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Very similar in appearance to Grey Duiker but smaller at shoulder (32cm) and a rich russett red in colour with dark ears and a small black tail which is white on the underside. All Duikers are unique in the antelope family as they are known to hunt small birds and mammals and will often eat carrion.

 

 

Common Name

 

 

Latin name

 

 

Description

 

 

Similar species

 

 

Blue

Wildebeest

 

 

Connochaetes tauruinus

 

 

This is the common

Wildebeest of which there are a few subspecies geographically. The white bearded is the Masai/Serengeti species (C.meani/albojubatus). Cookson’s wildebeest (C.cooksoni) has a more brownish tinge than the grey/blue and has a black face. Both sexes have horns. Usually found in huge herds. Grazer.

 

 

Black wildebeest.

 

 

Black

Wildebeest or

White tailed Gnu

 

 

Connochaetes gnou

 

 

Standing 1.2m at the shoulder this wildebeest has a overall black appearance although on closer inspection it is dark brown. The horns grow outward and turn forward and up not sideways and up as in its cousin the blue wildebeest. The whitish tail is a good indication of this species as is the crest of facial hair on the upper muzzle. Prefers grazing but will browse. Both sexes have horns.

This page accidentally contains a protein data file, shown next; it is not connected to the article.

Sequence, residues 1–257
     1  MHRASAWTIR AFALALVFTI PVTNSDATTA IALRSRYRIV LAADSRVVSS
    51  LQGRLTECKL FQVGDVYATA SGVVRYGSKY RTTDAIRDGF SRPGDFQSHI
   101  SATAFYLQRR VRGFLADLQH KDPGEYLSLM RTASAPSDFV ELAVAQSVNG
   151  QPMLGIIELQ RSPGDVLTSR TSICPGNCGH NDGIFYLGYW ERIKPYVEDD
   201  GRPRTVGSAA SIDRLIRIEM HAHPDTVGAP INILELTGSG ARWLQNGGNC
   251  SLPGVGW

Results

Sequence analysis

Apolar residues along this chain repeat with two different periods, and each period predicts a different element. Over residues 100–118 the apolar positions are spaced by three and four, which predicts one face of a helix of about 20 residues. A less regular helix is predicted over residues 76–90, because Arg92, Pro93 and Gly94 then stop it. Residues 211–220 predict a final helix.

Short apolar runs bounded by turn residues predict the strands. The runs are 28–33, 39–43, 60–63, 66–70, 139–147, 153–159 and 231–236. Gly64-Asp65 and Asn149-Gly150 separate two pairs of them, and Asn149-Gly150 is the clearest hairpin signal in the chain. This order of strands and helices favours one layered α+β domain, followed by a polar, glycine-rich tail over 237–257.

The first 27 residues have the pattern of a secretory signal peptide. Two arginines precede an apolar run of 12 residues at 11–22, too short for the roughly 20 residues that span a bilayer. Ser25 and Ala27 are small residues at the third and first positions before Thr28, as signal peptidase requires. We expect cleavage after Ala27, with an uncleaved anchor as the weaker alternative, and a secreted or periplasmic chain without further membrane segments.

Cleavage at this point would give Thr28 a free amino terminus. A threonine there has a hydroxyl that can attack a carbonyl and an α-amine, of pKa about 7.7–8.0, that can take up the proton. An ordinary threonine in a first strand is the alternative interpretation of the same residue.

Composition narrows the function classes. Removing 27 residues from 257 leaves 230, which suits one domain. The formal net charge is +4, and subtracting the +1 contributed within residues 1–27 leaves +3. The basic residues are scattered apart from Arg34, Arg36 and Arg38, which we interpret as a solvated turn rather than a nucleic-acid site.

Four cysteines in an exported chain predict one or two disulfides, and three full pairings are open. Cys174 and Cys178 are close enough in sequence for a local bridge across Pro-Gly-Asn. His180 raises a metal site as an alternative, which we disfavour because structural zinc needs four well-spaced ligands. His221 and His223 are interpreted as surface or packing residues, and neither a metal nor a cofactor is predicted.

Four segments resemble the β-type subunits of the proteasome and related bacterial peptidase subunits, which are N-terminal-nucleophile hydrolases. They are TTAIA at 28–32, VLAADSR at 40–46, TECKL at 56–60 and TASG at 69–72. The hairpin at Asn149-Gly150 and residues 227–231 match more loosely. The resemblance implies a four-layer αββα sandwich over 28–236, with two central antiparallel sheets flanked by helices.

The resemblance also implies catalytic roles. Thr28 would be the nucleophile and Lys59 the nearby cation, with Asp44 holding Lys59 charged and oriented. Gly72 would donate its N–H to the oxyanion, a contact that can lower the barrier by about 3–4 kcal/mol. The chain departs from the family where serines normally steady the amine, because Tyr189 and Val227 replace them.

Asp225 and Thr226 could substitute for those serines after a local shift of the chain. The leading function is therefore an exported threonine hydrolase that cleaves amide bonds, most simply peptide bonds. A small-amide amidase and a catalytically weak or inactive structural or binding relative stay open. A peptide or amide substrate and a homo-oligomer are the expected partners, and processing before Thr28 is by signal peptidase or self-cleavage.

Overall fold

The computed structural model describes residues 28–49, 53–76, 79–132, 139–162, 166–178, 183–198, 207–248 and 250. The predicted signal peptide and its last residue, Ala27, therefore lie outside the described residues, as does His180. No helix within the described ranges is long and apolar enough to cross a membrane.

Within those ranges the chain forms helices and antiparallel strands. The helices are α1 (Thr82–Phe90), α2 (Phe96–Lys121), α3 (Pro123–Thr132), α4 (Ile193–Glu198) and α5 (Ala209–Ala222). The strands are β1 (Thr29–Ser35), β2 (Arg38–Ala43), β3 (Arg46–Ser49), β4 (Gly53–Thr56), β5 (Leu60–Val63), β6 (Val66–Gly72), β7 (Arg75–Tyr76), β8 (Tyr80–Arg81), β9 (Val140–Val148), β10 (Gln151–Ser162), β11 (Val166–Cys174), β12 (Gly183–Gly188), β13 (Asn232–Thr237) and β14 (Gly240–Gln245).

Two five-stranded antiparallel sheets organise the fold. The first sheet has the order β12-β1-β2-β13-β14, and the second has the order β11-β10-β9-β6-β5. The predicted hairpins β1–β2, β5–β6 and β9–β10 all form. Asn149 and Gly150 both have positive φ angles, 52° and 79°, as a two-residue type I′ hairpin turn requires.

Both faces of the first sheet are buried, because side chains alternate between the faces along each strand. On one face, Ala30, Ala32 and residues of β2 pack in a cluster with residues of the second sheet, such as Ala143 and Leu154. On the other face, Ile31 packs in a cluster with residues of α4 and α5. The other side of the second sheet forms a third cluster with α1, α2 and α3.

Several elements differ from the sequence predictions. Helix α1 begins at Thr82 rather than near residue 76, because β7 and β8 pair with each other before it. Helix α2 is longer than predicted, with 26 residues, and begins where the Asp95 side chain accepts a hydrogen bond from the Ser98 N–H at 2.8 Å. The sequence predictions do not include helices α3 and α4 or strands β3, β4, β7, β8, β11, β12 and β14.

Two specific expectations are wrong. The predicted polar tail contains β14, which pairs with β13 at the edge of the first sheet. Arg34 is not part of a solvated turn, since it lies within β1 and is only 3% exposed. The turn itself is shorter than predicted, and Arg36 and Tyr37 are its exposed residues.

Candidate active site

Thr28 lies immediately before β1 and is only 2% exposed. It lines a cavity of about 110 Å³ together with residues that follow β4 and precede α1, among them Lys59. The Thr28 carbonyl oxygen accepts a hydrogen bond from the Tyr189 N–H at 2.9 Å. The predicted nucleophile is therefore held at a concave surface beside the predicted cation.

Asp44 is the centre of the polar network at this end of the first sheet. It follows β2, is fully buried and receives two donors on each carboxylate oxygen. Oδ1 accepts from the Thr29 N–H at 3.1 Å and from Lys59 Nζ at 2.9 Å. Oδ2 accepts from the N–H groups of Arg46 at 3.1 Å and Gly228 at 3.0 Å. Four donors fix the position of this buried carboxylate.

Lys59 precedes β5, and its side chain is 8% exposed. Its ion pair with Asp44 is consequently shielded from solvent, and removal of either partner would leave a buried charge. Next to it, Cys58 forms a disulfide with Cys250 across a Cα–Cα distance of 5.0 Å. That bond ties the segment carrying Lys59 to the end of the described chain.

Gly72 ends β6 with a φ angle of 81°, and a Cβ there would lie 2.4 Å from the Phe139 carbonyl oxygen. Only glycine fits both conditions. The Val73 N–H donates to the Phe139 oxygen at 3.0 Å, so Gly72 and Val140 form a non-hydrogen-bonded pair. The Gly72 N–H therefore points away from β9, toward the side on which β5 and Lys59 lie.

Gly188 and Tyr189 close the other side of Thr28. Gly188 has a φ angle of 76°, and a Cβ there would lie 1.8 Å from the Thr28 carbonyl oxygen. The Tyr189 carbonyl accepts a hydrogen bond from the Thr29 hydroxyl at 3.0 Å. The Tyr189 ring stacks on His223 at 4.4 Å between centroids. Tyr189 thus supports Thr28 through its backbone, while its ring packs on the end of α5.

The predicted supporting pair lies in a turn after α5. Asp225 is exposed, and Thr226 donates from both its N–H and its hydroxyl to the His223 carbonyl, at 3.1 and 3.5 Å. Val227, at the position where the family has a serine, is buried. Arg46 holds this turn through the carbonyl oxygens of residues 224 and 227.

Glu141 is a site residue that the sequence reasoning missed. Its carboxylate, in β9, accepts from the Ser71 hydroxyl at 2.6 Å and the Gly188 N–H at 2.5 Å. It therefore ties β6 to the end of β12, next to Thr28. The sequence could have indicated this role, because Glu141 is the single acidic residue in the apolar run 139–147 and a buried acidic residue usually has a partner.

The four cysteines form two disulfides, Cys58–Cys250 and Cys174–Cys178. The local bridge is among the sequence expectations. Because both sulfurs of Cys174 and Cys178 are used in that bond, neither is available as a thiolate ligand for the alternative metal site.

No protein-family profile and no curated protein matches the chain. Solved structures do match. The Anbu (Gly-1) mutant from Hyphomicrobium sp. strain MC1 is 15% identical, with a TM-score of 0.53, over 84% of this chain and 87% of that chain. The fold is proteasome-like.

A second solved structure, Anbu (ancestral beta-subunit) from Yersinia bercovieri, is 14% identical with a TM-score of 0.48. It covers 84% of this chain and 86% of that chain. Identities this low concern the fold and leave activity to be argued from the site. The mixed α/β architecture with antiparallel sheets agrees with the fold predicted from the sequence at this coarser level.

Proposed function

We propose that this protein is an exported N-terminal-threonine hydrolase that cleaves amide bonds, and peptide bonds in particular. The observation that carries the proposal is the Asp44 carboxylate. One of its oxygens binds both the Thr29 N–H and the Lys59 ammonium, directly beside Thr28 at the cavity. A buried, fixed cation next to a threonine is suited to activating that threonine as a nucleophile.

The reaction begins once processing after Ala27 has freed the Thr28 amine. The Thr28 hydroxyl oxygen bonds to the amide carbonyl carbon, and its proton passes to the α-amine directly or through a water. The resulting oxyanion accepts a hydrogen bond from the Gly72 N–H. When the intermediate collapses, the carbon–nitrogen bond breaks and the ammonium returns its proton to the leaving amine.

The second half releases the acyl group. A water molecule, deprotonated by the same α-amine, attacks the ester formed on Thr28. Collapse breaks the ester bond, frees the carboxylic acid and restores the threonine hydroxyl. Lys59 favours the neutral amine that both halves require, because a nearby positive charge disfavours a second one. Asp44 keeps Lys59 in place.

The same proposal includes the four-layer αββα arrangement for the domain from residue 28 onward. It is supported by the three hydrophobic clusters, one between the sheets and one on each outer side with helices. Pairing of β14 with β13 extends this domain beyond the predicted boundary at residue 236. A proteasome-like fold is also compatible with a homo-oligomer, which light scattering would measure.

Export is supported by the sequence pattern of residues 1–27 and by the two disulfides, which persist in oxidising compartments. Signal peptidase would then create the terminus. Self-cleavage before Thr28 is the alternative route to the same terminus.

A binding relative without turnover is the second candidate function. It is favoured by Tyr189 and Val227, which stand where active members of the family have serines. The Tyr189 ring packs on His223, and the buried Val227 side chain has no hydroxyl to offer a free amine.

Blue wildebeest.

 

 

Grey,

Common Duiker.

 

 

Sylvicarpa grimmia

 

 

Small (50cm at shoulder) antelope grey to sandy red in colour more pointed face than Grysboks and Steenboks throat and underbelly lighter in colour darkish stripe on front of face. Rough coated browser with darker legs along front edges. Males have small straight horns and both sexes have a little crest of hair between the large oval ears. Facial gland from eye to muzzle.

 

 

Possible to confuse with Grey Rhebok but separated on habitat.

 

 

Red Duiker

 

 

Cephalophus natalensis

 

 

Should not really be confused with anything else on colour.